throughout the year libraries all over the country organized special cancels

for their events. It was great fun to collect these cancellations.

You can get more information on special cancellations at your local post

office, and also consult the USPS web site. In the search window, enter

Philatelic Services and you will retrieve .pdf and .txt documents on

Pictorial Cancellations.

If you have any specific questions, I'd be happy to answer them off list.



Date: Sun, 25 Feb 2001 23:20:12 -0500

From: "Linda Jacks" <ljacks@erols.com>

Are there any quilt study groups in the Northern VA area? I've never

checked with the guilds.

Linda Jacks



Date: Mon, 26 Feb 2001 11:50:08 EST

From: KareQuilt@aol.com

From the Quilters Unlimited (VA) electronic newsletter 24 Feb:


5. VALENTINE MUSEUM - Not far from Northern Virginia is the Valentine Museum

in Richmond. This museum has some wonderful quilt exhibits. Check out the

"Better Choose Me: Collecting and Creating with Tobacco Fabric Novelties

1880-1920" exhibit, which ends on April 29, 2001. Or how about the "Fashion

Recycled" exhibit on display through September 3, 2001. It examines the

creative ways quilts and

costumes have been reused, remade, revived, and reclaimed from the late 1700s

to the present. In addition, "women of Taste: A Collaboration Celebrating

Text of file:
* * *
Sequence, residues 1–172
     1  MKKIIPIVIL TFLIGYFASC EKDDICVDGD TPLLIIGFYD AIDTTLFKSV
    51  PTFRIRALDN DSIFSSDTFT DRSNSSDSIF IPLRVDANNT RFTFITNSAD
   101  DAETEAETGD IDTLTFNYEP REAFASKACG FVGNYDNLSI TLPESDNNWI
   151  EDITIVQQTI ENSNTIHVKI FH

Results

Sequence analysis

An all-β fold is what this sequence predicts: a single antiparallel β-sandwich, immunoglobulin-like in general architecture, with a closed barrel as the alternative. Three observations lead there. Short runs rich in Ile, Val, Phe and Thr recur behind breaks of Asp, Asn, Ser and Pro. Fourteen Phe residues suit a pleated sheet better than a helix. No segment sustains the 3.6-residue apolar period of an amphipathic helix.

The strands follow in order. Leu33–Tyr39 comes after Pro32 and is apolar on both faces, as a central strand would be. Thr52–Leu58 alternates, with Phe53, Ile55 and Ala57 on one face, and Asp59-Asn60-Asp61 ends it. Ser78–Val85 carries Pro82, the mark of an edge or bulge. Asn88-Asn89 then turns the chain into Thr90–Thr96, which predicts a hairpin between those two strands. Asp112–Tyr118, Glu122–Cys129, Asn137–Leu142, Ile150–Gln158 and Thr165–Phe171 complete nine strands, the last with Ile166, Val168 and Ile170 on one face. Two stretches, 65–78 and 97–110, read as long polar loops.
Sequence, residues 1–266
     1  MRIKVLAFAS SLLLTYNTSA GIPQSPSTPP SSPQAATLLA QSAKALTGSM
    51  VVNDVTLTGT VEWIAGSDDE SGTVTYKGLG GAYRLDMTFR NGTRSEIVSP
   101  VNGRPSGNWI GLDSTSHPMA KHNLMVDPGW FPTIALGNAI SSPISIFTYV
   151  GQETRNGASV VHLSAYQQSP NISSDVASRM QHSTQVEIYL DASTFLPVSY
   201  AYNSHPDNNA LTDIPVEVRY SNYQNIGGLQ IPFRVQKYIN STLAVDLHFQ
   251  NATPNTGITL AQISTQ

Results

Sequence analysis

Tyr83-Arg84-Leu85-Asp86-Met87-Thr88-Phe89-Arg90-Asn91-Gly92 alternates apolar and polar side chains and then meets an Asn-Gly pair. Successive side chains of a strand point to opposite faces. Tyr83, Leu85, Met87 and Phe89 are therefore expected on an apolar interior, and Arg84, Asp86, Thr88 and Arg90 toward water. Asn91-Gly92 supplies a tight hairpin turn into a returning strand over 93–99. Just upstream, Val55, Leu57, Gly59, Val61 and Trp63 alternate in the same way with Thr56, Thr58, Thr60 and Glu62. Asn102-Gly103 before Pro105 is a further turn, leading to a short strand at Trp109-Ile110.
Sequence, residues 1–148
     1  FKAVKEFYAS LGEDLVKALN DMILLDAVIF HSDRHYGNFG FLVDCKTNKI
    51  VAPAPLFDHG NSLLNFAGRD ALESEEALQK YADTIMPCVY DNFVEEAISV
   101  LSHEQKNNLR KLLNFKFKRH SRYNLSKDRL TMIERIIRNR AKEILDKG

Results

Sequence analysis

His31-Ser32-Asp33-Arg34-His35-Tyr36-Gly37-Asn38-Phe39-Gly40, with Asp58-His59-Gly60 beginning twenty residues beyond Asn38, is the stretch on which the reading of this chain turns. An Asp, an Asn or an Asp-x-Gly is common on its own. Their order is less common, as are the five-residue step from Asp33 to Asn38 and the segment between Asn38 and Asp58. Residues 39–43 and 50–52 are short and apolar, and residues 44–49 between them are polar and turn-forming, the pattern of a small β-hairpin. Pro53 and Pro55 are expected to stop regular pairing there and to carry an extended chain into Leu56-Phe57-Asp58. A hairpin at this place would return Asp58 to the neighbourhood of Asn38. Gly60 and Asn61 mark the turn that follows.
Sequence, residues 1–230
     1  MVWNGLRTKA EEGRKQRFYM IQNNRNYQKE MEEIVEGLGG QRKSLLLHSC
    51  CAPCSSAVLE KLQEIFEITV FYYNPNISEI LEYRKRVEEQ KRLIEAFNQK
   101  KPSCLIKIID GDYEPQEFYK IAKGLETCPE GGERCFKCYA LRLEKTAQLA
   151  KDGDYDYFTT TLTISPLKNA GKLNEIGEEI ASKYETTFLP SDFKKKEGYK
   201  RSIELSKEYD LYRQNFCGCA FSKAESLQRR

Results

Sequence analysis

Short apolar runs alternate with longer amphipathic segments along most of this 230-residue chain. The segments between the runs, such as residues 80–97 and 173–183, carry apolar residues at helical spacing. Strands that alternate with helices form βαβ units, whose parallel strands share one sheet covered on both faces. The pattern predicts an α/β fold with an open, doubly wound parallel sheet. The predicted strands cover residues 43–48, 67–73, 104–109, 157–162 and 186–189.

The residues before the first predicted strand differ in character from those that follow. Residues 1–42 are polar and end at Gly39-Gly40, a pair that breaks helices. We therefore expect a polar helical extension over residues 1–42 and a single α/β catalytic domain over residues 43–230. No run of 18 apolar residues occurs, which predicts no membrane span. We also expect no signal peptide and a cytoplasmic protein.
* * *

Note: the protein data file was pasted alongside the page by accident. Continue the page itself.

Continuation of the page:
Quilt Artists and Chefs" runs from June 8 to November 11, 2001. This unique

exhibit from the Smithsonian pairs national quilt artists with leading chefs

resulting in one-of-a-kind

quilts with a food related focus. It also features the collaborations of

five Richmond chefs and quilters. The Valentine is located at 1015 E. Clay

Street in Richmond. For information, call 804-649-0711.


Date: Mon, 26 Feb 2001 16:09:18 EST

From: KareQuilt@aol.com

It is exciting to learn how many others have formed similar grass roots

vintage fabric and antique quilt study groups! In the summer of 1995 Hazel

Carter and Eileen Jordon (Bunny to her friends) came up with a similar idea

here in Northern Virginia, and quilters have been gathering at The Quilt

Patch in Fairfax every other month ever since. We call ourselves "The Fabric

Dating Club" or simply "The Dating Club" for short. (More than one husband